It’s a remarkable springtime in California, and not just because of the historically vibrant blooms. A flurry of new education policies are being implemented, and the public schools, the California Community Colleges, and the California State University (CSU) are undergoing large-scale shifts. What’s exciting about these changes is their focus on student learning and success and their potential to advance educational attainment and reduce opportunity gaps among Californians.
California’s high schools are experimenting with more flexibility over their spending, granted by the Local Control Funding Formula, and changes to school accountability (including how to measure college and career readiness). They are implementing the Common Core State Standards in English and math, Next Generation Science Standards, and Smarter Balanced assessments. They are developing applied curricular pathways and helping students earn college credit before they graduate. Educators are also experimenting with new ways to support socio-emotional learning and positive school climates, to use data more effectively, to rethink disciplinary policy, to support the needs of English Learners, to engage parents better, and to improve college and career readiness for students with disabilities.
Since the passage of the Student Success Act of 2012, the community colleges have implemented initiatives such as Student Equity, Student Success and Support Programs, the Basic Skills Initiative, the Career Pathways Trust Fund, and the Strong Workforce Initiative. Some colleges are experimenting with new ways to assess student readiness and to help students more quickly gain the skills, knowledge, and know-how they need to succeed in college-level courses. Can institutional change be a next step? The new Guided Pathways Initiative is a promising effort to remove barriers to student progress and to break down silos.
The CSU has set systemwide goals for 2025 that include increasing four-year and six-year graduation rates for those who enter as first-year students, and increasing two-year graduation rates for students who transfer from community colleges. Strategies for meeting these goals are still being developed, and they may include changing how students are assessed and placed into college-level work, improving the coursework students take to become college ready after they start in the CSU, upgrading student supports and advising tools, using technology better to help understand and consequently raise student persistence, and hiring more tenure-track faculty and support staff.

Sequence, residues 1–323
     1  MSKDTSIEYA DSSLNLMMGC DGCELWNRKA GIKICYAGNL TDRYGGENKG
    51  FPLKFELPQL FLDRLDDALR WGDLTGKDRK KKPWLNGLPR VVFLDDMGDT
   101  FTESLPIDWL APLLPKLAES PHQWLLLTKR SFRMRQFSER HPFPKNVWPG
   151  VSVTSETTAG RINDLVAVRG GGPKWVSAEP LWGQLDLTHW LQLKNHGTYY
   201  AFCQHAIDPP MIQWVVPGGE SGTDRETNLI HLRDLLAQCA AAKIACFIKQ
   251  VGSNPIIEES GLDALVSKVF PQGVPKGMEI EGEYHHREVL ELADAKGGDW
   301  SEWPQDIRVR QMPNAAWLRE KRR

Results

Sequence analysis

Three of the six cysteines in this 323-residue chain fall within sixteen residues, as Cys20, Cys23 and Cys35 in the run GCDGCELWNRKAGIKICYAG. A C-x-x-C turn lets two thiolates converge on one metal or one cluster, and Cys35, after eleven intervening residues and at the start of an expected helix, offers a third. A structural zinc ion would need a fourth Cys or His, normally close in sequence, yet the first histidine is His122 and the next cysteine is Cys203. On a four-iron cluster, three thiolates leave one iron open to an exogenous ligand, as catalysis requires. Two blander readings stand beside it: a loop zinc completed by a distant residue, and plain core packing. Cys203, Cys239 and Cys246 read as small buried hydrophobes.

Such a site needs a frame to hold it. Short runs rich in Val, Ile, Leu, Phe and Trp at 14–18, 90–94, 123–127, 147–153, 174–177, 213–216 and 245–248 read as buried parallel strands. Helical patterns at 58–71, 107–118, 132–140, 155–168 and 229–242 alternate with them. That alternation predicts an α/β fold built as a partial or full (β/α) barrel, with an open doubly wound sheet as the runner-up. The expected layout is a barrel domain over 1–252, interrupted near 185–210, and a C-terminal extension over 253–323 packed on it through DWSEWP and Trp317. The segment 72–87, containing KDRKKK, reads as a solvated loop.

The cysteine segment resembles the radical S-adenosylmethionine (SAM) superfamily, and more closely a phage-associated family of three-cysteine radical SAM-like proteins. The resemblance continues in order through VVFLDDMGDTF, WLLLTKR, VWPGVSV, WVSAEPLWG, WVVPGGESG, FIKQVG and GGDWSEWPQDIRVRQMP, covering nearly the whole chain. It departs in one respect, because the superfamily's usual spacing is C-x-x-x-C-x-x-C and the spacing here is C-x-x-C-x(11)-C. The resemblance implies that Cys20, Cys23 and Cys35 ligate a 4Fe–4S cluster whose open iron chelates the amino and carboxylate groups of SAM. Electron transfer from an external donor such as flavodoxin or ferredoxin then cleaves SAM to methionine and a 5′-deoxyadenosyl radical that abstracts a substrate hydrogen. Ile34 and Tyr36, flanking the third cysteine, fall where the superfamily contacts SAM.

Perils abound, of course, in every season of change. California has the largest two-year and four-year higher education systems in the world, and large systems tend toward “programmitis” – growing solutions to meet every problem, without creating coherence for students across efforts. Structurally, California’s funding streams and its outdated Master Plan for Higher Education reinforce divisions between the higher education systems. These divides increase inequitable opportunities and outcomes for students, with particularly harmful impacts on historically underserved groups. And yet California cannot gauge the full impacts of the policies and initiatives, due to its lack of information about student learning, engagement, progression, and success as students move from one education system to the next.
At EdInsights, we are working to bring together policy development and educational practice through our research on policy and its implementation, our evaluation of large-scale reforms, and our capacity building efforts. In building capacity for systemic change, we provide space and support for education, policy, and organizational leaders, often at mid-career (including teachers, faculty, staff, and others), to help them identify and address the challenges they face in improving student outcomes. We are honored to work with these leaders and to serve the state and its students. With EdInsights’ new monthly blog, we are embarking on a new way of sharing information about our activities, findings, and impacts. We are excited about the seasons of opportunity ahead and the potential to advance student learning and educational attainment for Californians. Stay tuned to this space as EdInsights’ researchers, faculty fellows, and partners share perspectives and insights.